ENGIE is able to create and store various energies. This helps to create security conditions for ensuring energy supply in all situations.

In Europe, there are two main types of fluctuation that pose risks for security of supply:

  • Meteorological variations

Energy demands depend on variations in the weather. As a significant proportion of gas is used for heating purposes, average daily consumption can be up to five times higher in winter than in summer. And electricity consumption can go sky high at the slightest drop in temperature.

  • Loss of sources of supply

Loss of sources of supply can be caused either by technical problems with infrastructure or by geopolitical tensions.

Energy suppliers must also take into account local energy consumption and production patterns.
In France, some regions such as Brittany and Provence Alpes Côtes d’Azur (PACA) consume more than they produce. So production must be sufficient to supply these regions during winter when their energy requirements increase. There are similar variations between European countries. France is the largest exporter of electricity in Europe.

All these factors make the issue of security of supply a particularly sensitive one. Along with energy saving policies and the development of renewable energy, diversification of sources of supply and storage of energy (gas and electricity) form the cornerstone of security of supply.

ENGIE entities and subsidiaries are able to produce and store energy from different sources which, together, create favourable conditions for security of supply, even under unexpected or sudden circumstances.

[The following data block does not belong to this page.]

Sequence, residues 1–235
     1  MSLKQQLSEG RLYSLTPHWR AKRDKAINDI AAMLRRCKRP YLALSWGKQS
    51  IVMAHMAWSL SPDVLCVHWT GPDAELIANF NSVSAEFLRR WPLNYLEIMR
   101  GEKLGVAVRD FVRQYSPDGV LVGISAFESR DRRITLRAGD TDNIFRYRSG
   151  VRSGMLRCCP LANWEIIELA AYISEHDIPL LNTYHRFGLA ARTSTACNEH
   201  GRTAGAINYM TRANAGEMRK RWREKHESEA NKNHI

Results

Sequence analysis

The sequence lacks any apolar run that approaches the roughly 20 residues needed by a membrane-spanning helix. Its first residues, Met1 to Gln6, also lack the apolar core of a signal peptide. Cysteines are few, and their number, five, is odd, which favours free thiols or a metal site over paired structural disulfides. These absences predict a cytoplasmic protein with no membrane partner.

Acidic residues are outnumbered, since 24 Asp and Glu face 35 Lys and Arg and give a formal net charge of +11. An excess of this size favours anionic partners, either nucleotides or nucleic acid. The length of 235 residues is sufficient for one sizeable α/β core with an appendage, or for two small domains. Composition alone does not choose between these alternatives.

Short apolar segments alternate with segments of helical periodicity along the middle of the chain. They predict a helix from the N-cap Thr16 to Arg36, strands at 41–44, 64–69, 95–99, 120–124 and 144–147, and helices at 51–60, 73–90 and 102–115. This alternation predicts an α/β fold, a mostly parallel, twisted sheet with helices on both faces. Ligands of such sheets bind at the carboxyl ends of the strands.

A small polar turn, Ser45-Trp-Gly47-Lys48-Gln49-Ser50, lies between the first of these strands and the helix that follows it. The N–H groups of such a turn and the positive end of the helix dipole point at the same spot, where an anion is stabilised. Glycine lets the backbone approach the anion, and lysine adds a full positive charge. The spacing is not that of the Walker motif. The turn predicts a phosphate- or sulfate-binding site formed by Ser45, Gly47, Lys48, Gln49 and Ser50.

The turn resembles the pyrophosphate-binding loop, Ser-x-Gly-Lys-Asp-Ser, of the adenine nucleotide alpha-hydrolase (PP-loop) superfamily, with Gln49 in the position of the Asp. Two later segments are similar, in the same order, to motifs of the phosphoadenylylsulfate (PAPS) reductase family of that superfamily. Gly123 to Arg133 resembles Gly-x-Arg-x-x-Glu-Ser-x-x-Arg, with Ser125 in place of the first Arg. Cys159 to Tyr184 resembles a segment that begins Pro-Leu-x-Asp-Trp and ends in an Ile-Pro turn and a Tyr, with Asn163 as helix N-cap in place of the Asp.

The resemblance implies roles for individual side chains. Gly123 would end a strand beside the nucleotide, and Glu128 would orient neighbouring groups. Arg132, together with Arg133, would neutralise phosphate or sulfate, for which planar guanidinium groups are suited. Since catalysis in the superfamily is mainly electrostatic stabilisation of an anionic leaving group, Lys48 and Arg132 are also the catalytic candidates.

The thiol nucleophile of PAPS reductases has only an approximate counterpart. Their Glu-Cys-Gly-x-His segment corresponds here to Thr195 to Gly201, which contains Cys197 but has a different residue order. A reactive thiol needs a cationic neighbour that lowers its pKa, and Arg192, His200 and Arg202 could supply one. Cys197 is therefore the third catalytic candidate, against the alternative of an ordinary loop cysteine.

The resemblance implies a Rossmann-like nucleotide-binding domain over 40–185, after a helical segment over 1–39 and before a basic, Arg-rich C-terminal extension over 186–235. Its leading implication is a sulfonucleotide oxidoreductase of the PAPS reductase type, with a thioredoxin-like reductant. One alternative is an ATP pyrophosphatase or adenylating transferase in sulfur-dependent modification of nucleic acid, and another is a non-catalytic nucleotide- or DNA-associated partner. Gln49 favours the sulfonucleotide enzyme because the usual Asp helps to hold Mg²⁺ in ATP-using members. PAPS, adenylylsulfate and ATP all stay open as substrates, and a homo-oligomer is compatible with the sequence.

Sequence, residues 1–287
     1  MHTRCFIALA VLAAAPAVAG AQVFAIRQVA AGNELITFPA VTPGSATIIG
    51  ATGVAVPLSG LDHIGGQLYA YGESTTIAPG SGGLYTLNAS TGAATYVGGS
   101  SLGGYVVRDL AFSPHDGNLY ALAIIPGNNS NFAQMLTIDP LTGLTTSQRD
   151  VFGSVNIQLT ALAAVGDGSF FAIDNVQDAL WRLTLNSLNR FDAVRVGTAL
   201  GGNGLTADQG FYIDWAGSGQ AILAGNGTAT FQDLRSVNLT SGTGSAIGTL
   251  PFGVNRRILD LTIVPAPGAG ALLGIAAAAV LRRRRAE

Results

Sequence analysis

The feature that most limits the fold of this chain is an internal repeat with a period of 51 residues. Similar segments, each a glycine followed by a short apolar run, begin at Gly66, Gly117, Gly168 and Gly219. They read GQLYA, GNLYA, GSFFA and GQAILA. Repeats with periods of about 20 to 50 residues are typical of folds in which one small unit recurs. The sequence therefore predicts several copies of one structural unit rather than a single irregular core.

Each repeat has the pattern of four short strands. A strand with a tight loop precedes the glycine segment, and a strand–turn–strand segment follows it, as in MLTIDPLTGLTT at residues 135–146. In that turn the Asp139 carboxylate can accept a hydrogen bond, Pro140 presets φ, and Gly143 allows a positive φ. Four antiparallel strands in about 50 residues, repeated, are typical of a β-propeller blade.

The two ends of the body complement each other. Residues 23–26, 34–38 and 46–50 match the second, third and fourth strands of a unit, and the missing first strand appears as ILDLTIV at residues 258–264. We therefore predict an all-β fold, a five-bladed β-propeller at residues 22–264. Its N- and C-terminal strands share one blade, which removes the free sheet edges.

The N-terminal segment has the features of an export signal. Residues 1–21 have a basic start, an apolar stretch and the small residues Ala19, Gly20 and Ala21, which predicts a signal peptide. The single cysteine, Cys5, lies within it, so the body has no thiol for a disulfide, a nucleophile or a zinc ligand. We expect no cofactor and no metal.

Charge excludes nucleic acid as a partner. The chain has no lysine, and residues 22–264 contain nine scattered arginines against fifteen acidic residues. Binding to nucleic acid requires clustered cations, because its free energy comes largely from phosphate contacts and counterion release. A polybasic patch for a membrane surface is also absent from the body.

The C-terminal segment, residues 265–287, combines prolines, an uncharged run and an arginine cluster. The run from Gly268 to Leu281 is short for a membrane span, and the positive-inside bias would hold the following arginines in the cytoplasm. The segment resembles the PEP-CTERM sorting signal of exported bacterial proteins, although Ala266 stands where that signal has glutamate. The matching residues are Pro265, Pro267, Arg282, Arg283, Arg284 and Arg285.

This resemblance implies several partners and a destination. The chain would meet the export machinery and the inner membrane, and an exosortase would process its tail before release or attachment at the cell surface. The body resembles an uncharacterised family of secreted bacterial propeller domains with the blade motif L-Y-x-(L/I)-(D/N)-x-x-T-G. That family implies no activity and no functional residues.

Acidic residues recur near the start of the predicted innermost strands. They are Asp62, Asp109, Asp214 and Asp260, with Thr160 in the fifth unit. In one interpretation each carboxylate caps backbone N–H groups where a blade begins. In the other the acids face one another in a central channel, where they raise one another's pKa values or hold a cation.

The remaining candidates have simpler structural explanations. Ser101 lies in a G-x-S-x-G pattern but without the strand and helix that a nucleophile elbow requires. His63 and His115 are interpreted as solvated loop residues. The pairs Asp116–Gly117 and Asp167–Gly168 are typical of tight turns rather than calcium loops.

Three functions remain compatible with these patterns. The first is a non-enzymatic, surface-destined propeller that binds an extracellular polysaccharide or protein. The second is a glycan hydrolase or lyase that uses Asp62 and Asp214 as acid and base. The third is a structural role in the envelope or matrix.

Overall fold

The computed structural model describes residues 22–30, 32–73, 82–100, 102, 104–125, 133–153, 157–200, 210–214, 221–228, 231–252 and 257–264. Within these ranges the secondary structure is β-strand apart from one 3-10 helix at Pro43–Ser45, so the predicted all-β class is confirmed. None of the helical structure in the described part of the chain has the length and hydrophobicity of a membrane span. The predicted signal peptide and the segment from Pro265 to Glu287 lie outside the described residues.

How can we contribute to security of supply in winter in Europe?

What is the legal framework governing supply?

In France, security of supply is covered by one of the sections of the PPE multi-year energy programme, an energy policy governance tool. The terms of article L. 142-1 of the energy code state that the section must define “the energy system’s safety criteria, particularly the failure criterion mentioned in article L. 141-7 for electricity. It specifies the measures adopted to ensure security of natural gas supply. It may also anticipate implementation of specific provisions such as diversification of means of production or sources of energy supply, to guard against systemic risks. It also sets out importation requirements in fossil energy, uranium and biomass and identifies cross-border electricity trade outlined in the supply plan”.

Furthermore, the French energy code (Art. L 421-4) stipulates that every year the minister in charge of energy fixes by decree the minimum stock of natural gas on 1 November to ensure security of natural gas supply for the winter.

In France, while ENGIE is required to contribute to energy supply, GRTGAZ and RTE are operators of gas and electricity networks and, as such, are responsible for delivering energy to consumers.

In Europe, member states have obligations, set by EU regulations, that aim to ensure security of supply of gas and electricity between these member states. (To find out more, consult the Energy Regulation Commission (CRE) website.).

Temporary shutdown of our plants in Belgium: an exceptional scenario

Temporary shutdown of our plants in Belgium: an exceptional scenario

Since November 2018, six of our seven nuclear plants are shut down for exceptional maintenance and repair work. Our entities Electrabel, Benelux, Global Energy Management (GEM) and Generation Europe have done all they can to make up for the drop in nuclear facilities by relying on the strong capacity of our other plants in Belgium. As winter sets in, ENGIE employees are standing by to ensure the country’s energy supply.

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Storengy plays a key role in gas supply

Storengy plays a key role in gas supply

Gas storage is of vital importance for gas supply in a non-producing country like France. As Europe’s leading storage operator, our subsidiary Storengy makes an active contribution to security of gas and electricity supply in Europe (France, Germany, United Kingdom).

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